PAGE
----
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Heart failure is a chronic condition in which people experience multiple symptoms and use numerous symptom management strategies, but the effectiveness of these is varied, affecting health-related quality of life. This descriptive, correlational study aimed to examine the predictability of health–related quality of life using symptom experience (prevalence, frequency, severity, and distress), symptom management strategies, and selected variables (age, employment status, and comorbid condition) among people with heart failure. One hundred and forty people with heart failure were recruited using purposive sampling from the outpatient departments of three general hospitals in Myanmar. Data were collected using four self-administered questionnaires: a Personal Information Questionnaire, the Minnesota Living with Heart Failure Questionnaire, the Memorial Symptom Assessment Scale–Heart Failure, and the Symptom Management Strategies–Heart Failure. Data were analyzed using descriptive statistics, Spearman’s correlation and hierarchical multiple regression.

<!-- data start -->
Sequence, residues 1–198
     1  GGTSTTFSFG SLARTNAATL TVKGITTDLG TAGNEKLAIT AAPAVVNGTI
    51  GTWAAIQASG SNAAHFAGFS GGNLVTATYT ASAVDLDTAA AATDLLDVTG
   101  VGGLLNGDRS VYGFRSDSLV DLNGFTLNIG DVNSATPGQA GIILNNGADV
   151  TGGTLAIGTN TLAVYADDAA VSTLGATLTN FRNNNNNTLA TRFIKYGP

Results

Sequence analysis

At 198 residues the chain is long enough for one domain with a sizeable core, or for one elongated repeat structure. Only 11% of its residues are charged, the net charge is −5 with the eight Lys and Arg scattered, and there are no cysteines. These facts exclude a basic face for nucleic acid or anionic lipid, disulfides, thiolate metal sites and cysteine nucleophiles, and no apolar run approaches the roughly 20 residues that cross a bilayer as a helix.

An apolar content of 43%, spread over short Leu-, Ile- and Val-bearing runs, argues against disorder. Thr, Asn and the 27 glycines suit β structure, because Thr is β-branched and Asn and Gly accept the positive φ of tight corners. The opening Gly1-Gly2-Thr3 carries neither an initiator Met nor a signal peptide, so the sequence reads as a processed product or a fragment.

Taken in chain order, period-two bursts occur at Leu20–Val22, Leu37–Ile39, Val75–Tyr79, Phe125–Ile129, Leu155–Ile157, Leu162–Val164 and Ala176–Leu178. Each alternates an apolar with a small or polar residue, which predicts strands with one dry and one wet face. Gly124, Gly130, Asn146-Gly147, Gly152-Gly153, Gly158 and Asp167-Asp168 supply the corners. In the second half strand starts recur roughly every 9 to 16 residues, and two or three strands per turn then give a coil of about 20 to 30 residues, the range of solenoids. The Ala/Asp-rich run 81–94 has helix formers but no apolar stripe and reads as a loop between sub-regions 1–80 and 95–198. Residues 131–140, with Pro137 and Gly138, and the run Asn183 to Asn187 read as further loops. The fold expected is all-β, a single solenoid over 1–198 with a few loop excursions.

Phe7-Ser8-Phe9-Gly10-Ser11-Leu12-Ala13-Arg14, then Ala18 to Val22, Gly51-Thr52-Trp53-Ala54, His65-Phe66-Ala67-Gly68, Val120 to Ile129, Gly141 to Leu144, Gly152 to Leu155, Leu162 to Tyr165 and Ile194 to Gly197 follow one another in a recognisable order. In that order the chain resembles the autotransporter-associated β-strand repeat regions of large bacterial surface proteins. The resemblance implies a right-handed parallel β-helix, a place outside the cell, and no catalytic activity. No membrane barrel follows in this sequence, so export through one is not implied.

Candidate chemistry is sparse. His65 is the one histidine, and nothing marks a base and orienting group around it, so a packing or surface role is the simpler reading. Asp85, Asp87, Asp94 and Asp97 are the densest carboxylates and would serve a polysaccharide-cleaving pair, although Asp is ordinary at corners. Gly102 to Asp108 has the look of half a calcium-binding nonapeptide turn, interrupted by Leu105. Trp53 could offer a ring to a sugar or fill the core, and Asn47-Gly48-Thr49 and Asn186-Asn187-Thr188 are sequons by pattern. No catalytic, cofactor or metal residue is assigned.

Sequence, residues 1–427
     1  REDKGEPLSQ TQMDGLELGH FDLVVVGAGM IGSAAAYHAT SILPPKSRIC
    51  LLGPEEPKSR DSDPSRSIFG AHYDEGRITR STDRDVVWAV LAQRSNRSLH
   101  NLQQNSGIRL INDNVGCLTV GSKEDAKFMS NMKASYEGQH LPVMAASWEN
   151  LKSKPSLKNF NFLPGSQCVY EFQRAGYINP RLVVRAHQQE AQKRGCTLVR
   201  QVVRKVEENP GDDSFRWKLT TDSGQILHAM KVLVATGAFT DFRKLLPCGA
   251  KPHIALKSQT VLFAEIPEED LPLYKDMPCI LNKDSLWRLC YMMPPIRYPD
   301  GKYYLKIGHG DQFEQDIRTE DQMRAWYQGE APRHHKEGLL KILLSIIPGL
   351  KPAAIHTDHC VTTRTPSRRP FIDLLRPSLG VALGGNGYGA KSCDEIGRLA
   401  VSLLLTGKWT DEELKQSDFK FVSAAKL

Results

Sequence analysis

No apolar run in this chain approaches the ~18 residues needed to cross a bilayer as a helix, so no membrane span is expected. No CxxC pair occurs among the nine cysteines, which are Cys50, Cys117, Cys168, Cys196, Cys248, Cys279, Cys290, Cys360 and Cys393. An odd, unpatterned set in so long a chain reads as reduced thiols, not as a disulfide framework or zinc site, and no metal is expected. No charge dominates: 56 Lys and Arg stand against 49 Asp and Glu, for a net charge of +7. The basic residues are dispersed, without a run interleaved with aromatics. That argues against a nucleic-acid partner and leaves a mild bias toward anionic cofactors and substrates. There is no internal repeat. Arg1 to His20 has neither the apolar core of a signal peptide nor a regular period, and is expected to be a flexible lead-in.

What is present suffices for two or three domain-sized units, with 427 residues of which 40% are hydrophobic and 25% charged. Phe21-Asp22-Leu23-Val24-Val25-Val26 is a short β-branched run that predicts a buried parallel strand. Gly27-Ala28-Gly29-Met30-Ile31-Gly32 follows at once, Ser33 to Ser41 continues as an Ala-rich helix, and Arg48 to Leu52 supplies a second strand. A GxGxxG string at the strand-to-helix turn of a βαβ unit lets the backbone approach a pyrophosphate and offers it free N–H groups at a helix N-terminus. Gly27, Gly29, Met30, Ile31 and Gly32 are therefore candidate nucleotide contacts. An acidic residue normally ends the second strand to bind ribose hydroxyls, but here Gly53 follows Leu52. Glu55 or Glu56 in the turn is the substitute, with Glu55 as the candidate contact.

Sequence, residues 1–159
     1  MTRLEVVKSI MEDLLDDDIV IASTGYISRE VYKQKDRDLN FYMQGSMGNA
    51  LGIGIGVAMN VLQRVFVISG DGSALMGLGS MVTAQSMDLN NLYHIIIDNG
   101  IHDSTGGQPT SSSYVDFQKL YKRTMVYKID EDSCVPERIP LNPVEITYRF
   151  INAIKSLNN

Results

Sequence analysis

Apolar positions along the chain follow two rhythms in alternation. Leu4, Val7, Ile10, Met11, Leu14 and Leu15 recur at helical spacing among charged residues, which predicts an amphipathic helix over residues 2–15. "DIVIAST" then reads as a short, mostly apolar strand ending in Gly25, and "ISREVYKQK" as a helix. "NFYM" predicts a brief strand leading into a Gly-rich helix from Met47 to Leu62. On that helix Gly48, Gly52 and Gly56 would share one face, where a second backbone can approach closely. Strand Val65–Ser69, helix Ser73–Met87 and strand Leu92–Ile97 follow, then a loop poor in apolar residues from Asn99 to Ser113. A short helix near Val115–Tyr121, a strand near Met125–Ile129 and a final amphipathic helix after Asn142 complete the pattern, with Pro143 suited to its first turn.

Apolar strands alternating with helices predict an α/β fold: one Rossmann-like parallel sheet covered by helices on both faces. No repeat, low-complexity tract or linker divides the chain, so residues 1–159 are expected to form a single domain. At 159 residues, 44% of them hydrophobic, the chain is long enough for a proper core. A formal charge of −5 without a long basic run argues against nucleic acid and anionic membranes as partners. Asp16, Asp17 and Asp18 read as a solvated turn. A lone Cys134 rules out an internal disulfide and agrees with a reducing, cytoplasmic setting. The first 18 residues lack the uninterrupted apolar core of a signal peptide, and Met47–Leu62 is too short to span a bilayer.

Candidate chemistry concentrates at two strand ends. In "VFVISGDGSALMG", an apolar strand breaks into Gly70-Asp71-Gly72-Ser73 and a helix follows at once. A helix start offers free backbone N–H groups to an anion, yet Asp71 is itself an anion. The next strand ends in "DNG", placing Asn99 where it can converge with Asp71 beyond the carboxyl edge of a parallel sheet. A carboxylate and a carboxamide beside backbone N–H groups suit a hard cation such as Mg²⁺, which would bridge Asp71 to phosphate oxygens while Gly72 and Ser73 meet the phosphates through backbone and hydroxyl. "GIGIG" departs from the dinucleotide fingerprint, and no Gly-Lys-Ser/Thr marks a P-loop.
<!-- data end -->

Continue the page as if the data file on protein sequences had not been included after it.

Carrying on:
Lack of energy was ranked first in almost all dimensions of symptom experience. The participants used an average of 18.53 symptom management strategies of which the most effective strategy was “taking the prescribed drugs to excrete extra water," and their health–related quality of life was reported at a moderate level. The predictors of health-related quality of life were symptom experience, symptom management strategies, age, employment status, and comorbid condition, which explained 54.3% of the variance, and the symptom severity dimension was the strongest predictor. The findings highlight that heart failure nursing intervention should focus on reducing symptom experience, increased use of effective symptom management strategies, and prevention of comorbidities to improve health–related quality of life.
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